Artificial intelligence could help find planets that harbor life

Artificial neural networks (ANNs) could help scientists discover planets that possess life.
By Tyler MacDonald | Apr 03, 2018
New research from Plymouth University suggests that artificial intelligence could help astronomers in their search for alien life, according to Newsweek.

Scientists are training artificial neural networks (ANNs) to predict the probability that life exists on other planets. They hope to eventually identify promising targets for future space missions.

"We're currently interested in these ANNs for prioritizing exploration for a hypothetical, intelligent, interstellar spacecraft scanning an exoplanet system at range," said Christopher Bishop,a researcher at the Centre for Robotics and Neural Systems at Plymouth University.

ANNs are computer systems that mimic the learning process found in the human brain. They are ideal for identifying complex patterns in large amounts of data, which is time consuming for scientists.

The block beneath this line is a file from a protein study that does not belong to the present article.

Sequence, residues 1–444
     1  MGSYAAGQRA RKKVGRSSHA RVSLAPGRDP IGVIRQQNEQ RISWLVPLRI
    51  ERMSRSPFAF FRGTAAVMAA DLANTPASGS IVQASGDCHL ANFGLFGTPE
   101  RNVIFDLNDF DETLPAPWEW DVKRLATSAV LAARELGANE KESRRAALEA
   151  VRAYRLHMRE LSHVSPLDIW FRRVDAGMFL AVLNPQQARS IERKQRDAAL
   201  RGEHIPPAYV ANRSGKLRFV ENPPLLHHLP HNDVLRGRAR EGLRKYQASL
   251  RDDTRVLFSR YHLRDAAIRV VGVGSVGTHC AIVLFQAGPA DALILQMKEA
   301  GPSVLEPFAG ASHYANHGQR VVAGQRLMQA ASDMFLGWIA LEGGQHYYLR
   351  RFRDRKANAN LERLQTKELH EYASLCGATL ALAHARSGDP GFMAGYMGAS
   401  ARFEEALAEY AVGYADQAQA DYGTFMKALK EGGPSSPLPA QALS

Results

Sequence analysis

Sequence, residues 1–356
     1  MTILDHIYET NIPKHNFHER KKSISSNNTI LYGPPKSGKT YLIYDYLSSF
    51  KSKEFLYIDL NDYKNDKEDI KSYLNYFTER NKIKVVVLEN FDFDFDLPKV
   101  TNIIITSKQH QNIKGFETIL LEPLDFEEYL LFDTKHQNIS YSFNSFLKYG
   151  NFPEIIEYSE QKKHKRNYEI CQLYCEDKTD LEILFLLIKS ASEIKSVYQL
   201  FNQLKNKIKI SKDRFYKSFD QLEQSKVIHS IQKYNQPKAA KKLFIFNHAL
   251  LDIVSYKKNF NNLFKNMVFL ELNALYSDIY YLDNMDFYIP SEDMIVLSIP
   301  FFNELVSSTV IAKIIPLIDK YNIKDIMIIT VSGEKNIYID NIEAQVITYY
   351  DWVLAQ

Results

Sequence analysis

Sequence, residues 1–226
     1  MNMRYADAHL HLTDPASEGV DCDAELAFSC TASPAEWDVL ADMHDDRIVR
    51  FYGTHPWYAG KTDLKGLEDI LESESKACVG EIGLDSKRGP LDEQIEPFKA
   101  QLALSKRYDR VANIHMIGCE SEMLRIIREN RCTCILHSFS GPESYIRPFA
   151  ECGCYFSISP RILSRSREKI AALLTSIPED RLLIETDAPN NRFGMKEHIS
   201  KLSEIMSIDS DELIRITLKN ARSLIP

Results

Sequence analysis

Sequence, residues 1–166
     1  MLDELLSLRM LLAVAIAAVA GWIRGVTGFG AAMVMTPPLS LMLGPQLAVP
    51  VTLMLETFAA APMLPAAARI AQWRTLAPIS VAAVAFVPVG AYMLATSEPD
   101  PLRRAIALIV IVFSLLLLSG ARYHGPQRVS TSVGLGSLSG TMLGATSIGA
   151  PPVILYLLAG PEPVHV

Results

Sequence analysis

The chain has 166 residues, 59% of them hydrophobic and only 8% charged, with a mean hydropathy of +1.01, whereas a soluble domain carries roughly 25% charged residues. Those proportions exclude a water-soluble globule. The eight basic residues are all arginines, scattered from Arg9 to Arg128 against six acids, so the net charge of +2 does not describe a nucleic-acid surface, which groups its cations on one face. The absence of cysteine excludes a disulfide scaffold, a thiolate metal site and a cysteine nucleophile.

Using an ANN, researchers could predict the habitability of a large number of planets. Ultimately, it could save scientists time and help them focus their energies on the most promising targets.

The Plymouth University team fed their ANN with atmospheric observations known as spectra, which originated from five different worlds. Afterwards, they asked the system to classify them using a "probability of life" measurement that utilizes atmospheric and orbital properties.

To date, the system has performed well.

"Given the results so far, this method may prove to be extremely useful for categorizing different types of exoplanets using results from ground-based and near-Earth observatories," said Angelo Cangelosi, a supervisor of the project.



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